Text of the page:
What Tim Tebow's Big Apple Arrival Means for the Giants

Steven GoldsteinContributor IMarch 21, 2012

DENVER, CO - NOVEMBER 17:  Quarterback Tim Tebow #15 of the Denver Broncos scrambles with the ball as Orlando Franklin #74 of the Denver Broncos blocks against Calvin Pace #97 of the New York Jets at Sports Authority Field at Mile High on November 17, 2011 in Denver, Colorado. The Broncos defeated the Jets 17-13.  (Photo by Doug Pensinger/Getty Images)
Doug Pensinger/Getty Images

It's only fitting that the league's most polarizing figure has been acquired by one of the sporting world's most controversial teams.

Doing their best Felix and Oscar impressions, the mild-mannered, religiously pious Tim Tebow and the ostentatious New York Jets were coupled together Wednesday afternoon, following a trade with the Denver Broncos that saw Gang Green lose a fourth and sixth-round draft pick.

The on-field implications of this move are endless: what will Tebow's presence mean for Mark Sanchez? Will Tebow successfully employ Tony Sparano's Wildcat offense? And just how much playtime does the former Bronco deserve? Yet, it's the third-year pro's influence away from the gridiron that's sending shockwaves through the NFL.

With Jets fans and loquacious head coach Rex Ryan alike harboring a restless, gung-ho attitude, how quickly will Sanchez' number be called in favor of Tebow-Mania? With cornerback Antonio Cromartie vocally disillusioned with the acquisition, what will Tebow mean for an already-volatile Jets locker room?

Woody Johnson and company have truly outdone themselves. The Jets, perpetually in the limelight last year despite a mere 8-8 record, will only continue to draw the attention of national media outlets.

What does this mean for their crosstown rivals, the Super Bowl champion New York Giants? Big Blue nation is collectively flashing a wide-eyed smile, as the Jets in the Big Apple's center stage is surprisingly just what they want.

The Rex Ryan era has been epitomized by controversial press conference tirades and up-and-down performance. The Tom Coughlin era, in contrast, has been one of stability, relative modesty and immense success. Escaping the Empire State spotlight allows this success to continue.

For years now, the Jets have captured local headlines over their quieter counterparts. As those who study sports journalism know all too well, failure, noise and contention sell.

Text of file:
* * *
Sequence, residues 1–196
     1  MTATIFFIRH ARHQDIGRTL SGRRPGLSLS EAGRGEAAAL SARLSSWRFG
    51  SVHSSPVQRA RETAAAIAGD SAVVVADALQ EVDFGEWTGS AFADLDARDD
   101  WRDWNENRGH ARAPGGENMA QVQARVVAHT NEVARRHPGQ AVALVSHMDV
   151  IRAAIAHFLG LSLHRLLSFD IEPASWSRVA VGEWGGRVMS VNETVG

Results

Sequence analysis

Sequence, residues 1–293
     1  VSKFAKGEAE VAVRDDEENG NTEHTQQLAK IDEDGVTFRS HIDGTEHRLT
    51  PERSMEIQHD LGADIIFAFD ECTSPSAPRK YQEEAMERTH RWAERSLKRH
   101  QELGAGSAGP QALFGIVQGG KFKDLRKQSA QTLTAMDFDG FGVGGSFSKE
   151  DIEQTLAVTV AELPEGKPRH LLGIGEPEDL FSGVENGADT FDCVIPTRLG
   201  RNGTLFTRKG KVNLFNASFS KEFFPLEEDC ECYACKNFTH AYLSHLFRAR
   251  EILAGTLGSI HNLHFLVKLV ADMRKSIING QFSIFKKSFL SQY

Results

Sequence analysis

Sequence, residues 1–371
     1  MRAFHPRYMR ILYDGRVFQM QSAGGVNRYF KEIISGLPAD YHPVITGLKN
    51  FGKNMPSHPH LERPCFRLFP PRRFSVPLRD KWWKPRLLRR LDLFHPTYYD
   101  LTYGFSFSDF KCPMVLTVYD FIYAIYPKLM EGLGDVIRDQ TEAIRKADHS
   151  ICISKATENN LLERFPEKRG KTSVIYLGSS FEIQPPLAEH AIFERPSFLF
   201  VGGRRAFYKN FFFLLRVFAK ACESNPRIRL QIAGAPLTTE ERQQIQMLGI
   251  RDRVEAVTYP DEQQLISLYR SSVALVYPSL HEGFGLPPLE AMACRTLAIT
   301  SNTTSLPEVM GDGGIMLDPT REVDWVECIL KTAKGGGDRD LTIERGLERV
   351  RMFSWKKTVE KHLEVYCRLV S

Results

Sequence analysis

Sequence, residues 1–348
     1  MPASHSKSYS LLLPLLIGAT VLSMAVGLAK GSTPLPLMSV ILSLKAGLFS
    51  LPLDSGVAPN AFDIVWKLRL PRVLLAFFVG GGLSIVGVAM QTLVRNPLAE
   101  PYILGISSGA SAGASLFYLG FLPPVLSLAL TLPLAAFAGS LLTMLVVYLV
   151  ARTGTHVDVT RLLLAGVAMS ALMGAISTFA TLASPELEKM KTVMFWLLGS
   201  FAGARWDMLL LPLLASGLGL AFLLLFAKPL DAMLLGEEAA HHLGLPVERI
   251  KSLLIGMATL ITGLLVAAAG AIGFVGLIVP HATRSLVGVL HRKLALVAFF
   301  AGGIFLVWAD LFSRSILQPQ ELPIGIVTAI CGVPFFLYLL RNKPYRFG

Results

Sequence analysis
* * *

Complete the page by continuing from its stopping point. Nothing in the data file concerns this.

Following the conclusion of the 2011 regular season, it was the Jets and their Week 17 loss to the Dolphins that was the talk of the town, not the Giants or their division-clinching victory over longtime rival Dallas.

Even as the G-Men progressed through the NFL playoffs, they still fought for the front pages. In short, Gang Green has always flaunted a larger readership than Big Blue, with the latter not seeming to care much, trading headlines for victories.

What better way to avoid a Super Bowl hangover than to cede all attention and hype to Tebow-Mania?

Tebow's feel-good story swept through the nation with the utmost fervency last year, fueling each Broncos opponent with a chip on its shoulder. The Giants have been playing with a chip on their shoulder for years now, and who's to say that the augmented attention on the Jets won't inspire the Giants to come out stronger than ever?

The Tebow trade will draw the "city that never sleeps" eyes away from the loss of fan-favorites Brandon Jacobs and Mario Manningham. The Tebow trade will divert the tri-state area from the Giants' still-unaddressed gaping holes along the offensive line. The Tebow trade will keep the Giants exactly where they want to be: away from the pressure and controversy that encompasses New York.

If it's at all possible, Big Blue will remain under the radar as defending NFL champions. Now, that's a dangerous thought.